Hana Meihan Davis is a Post Opinions intern from Hong Kong.
A sea of dark hair and yellow umbrellas. Plumes of tear gas enveloping the crowds. Policemen armed with rubber bullets and batons. Makeshift barriers of bamboo and brick.
The images emerging from Hong Kong over the past week recall the Umbrella Movement of 2014, but are even more striking. The demonstrations are about more than a controversial extradition bill, more than the threat to Hong Kong’s rule of law, and more even than the fight for human rights. Hong Kong is rallying for its identity.
For months now, Hongkongers have been pushing against the proposed extradition bill, which would allow any person on Hong Kong soil — resident or visitor — to be taken into mainland China. On Sunday, more than 1 million people marched in the biggest mass demonstration since the 1997 handover. On Wednesday, tens of thousands occupied the roads around Hong Kong’s government headquarters, blocking access to the Legislative Council and postponing the extradition debate until further notice. The demonstration took a violent turn as clashes arose, leading to dozens of injuries and arrests. For the first time, riot police fired tear gas and rubber bullets inside the Legislative Council building.
In 2012, local poet Dung Kai-cheung wrote, “Hong Kong has been a work of fiction from its very beginning.” Every place is shaped by politics, but in Hong Kong, this is arguably truer than anywhere else. Hong Kong came about by accident and has a stubborn and wholly distinct identity.
In a city where so much is still named after Queen Victoria, Hong Kong was a pawn in the 19th-century struggle between China and the conquering powers of the West. Its people embody all the harmonious contradictions that have made Hong Kong what it is: a place that forged its own path in the shadows of colonial history and China’s imperial ambitions.
“Now Hong Kong people are to run Hong Kong: that is the promise and that is the unshakable destiny,” said Chris Patten, the final governor of the former colony, in his farewell address 22 years ago. But as the past few days have shown, the politics that birthed Hong Kong are now failing it. As these promises prove hollow, what Hongkongers are fighting to protect is the elements of their identity that are unique: a “Chinglishness” shaped by history, a pride that speaks to a certain lack of fear and a sense that being a Hongkonger unifies beyond all else.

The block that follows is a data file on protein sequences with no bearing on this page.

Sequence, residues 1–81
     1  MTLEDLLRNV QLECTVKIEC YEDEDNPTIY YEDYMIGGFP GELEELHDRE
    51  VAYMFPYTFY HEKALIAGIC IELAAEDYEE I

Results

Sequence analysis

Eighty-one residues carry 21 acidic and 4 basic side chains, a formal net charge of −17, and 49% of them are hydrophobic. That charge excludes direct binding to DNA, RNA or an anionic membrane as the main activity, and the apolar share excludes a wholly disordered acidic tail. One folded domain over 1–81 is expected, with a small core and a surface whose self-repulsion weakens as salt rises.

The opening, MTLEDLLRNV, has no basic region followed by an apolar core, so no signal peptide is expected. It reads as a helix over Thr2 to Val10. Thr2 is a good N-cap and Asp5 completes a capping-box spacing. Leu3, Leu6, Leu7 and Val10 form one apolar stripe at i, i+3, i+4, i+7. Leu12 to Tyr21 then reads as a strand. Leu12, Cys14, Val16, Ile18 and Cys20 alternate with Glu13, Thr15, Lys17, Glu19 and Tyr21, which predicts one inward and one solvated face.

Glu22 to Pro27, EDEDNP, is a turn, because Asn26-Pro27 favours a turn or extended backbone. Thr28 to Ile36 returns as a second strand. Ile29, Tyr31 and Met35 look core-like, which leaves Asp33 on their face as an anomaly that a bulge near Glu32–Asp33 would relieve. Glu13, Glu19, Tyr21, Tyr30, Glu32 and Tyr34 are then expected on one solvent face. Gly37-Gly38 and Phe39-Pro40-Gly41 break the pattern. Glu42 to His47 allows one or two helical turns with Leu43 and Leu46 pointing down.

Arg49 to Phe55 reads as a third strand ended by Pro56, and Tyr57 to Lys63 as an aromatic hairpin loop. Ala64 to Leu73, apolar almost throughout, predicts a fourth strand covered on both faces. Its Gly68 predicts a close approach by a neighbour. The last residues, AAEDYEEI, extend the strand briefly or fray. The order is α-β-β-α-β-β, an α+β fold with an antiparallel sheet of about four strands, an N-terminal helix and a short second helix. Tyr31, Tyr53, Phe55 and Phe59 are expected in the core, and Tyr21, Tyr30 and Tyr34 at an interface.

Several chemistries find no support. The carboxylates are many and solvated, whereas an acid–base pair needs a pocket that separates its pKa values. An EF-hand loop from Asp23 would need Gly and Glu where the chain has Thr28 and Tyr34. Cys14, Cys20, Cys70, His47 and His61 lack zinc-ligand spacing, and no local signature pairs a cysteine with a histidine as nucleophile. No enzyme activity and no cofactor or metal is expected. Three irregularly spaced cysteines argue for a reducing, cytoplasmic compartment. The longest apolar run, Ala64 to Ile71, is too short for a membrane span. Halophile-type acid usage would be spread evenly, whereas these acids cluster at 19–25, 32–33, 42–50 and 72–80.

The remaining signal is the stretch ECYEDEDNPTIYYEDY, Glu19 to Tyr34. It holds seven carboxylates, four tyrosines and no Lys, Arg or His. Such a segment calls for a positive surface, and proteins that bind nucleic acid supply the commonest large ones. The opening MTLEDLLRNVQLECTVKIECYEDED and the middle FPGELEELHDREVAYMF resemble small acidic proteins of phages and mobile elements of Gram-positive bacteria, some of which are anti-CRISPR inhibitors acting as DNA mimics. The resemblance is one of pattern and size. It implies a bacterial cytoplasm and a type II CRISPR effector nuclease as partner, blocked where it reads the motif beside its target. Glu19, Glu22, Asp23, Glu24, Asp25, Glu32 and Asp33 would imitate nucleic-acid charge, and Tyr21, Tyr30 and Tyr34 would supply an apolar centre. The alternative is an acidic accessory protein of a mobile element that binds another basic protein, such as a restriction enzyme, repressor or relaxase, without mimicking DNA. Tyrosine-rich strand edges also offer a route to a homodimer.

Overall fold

“This is Hong Kong, where I was born, and this is my city. All of us here are protecting our home,” said a 24-year-old protester to The Post. In protesting China’s tyranny, Hong Kong’s people are authoring their story. They see a history of deep intolerance toward cultural difference and a long-standing suspicion of foreign ideals, and fear that Hong Kong, like other regions, could become homogenized.
While all walks of life are involved in the protests, those most deeply invested are students. These are the twenty-somethings whom Financial Times correspondent Ben Bland labeled “Generation HK” in his book of the same title: the citizens with no memories of a British Hong Kong and no attachment to mainland China, born in the confused threshold around the time of the handover. It is this generation, the people who will be in their 50s when Hong Kong loses its status as a Special Administrative Region, that have the most to lose.
But, from Hong Kong’s most recent protest, a rallying cry has emerged. It is a unified shout to safeguard Hong Kong’s unique identity and position in the modern world, to not let forces beyond its borders shape its destiny anymore. As the noose tightens around Hong Kong, what is at stake is more than anything politics can define. The people are fighting to preserve the essence of what it means to be a “Hongkonger.”
The pro-democracy movement has seen crests and troughs over the past three decades, but the more Beijing oversteps its boundaries, the more it molds a Hong Kong identity separate from the Chinese one it hopes to spread. In April, a college student wrote an essay in her school paper titled, “I am from Hong Kong, not China.” While the backlash that her piece received was widespread, so too was the evidence that she was, and is, not alone in this sentiment.
In her elegy “Dear Hong Kong,” Xu Xi writes: “Once upon a time in Hong Kong, ‘national’ meant ‘foreign with Chinese characteristics’. Today, we are Chinese with foreign characteristics.” Ultimately, this means that Hong Kong will not be boxed in by mainland China. As the protests this week and the ongoing fight for human rights have proved, this “Hong Kongness” is a fiery identity that will not be silenced without noise.